The Lynam pieces on display are more diverse, yet linked to Landkammer’s in several ways. Lynam sometimes uses textured paper that gives a similar visual effect to Landkammer’s wood grain while also providing a sense of motion. Both artists generally prefer small formats and create work that is flat yet has depth, like an area of still water. Both also make art that is carefully controlled, although Lynam is more improvisational. He works with squeegees, layering progressively darker layers of pigment atop lighter ones. Masking-tape lines keep order at the edges, but the possibility of chromatic freedom exists inside that hard border. The edges of the pieces are not covered, so that the depth of the multiple strata of paints is also apparent.
Lynam is a miniaturist in more than one sense. Most of these paintings are small, but they also feel like close-ups or even microscopic views of natural but unidentifiable forms. The psychedelic yellow-and-green blobs of encode suggest a moment from a Fillmore West color-gel light show, although Lynam thinks in terms of more recent spectacles. (He’s written that he wants his paintings “to mimic the glowing light of the monitor and the light saturated hues of digital color.”) But the orange-and-blue untitled 3 and the shades-of-red untitled 8 look like bits of battered wall or rusty metal. Their hot, smeary, sometimes cracked colors and degraded forms recall Polaroid snapshots or color Xeroxes; if these pieces were jeans or furniture, they’d be called “distressed.”
The tension in these paintings is right up front, and it recalls the early days of abstract expressionism. The soft, rising forms of access suggest layers of clouds, but the piece’s overwhelmingly red palette is anything but wispy and picturesque. Lynam seeks the beauty in damaged, seemingly haphazard shapes and colors and the equilibrium between movement—you might even say “struggle”—and serenity.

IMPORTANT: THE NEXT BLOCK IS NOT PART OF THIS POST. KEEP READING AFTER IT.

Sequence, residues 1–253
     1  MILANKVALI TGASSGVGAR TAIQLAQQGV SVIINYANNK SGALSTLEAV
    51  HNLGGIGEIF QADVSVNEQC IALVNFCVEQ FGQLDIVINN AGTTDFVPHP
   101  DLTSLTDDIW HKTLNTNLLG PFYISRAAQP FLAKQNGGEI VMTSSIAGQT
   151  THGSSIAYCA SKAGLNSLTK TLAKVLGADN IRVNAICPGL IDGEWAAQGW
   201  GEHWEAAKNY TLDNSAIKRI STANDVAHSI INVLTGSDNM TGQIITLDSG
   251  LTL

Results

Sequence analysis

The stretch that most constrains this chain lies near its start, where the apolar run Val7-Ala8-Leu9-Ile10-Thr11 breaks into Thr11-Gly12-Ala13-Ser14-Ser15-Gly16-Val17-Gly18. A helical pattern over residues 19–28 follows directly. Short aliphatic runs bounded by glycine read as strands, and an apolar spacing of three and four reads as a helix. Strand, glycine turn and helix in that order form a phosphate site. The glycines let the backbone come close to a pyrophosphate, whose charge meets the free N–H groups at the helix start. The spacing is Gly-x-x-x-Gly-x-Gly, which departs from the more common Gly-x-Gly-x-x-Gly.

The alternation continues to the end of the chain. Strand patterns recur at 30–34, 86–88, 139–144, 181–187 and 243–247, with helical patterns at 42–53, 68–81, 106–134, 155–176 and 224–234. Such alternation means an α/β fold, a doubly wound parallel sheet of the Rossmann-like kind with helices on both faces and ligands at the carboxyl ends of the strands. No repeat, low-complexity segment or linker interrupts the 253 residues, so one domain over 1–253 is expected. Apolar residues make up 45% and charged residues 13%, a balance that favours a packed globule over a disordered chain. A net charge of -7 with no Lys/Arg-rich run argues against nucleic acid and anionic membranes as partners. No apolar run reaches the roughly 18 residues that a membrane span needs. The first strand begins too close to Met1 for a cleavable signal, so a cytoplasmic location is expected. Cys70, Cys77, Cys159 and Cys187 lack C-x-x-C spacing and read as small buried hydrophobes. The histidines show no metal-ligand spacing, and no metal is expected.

In his canvases, Lynam works both with and against the grain. The largest one, inter, is a predominantly yellow-and-brown painting in which reds and greens are submerged, faintly glimmering through. The piece resembles both batik fabric and an abstracted stand of bamboo, with fibrous textures that complement Landkammer’s use of actual wood. (A smaller piece on paper, untitled 22, has a similar but less elaborate look.) Even at larger sizes, however, Lynam’s art is tightly focused. If inter were read as a landscape, it would have to be a jungle close-up in which you couldn’t see the forest for the trees.
Anyone familiar with American abstract painting of the late ’50s and early ’60s will recognize the essential ingredients of Landkammer’s and Lynam’s work. Yet these artists are not latter-day converts to the high church of abstract expressionism. They’re distinguished by their careful, almost intentionally inhibiting, sense of craft—these works take time and care—and subtly playful touches. It’s as if these painters neither seek nor even entirely trust transcendence: Both their artworks and the outlook behind them are pointedly modest. CP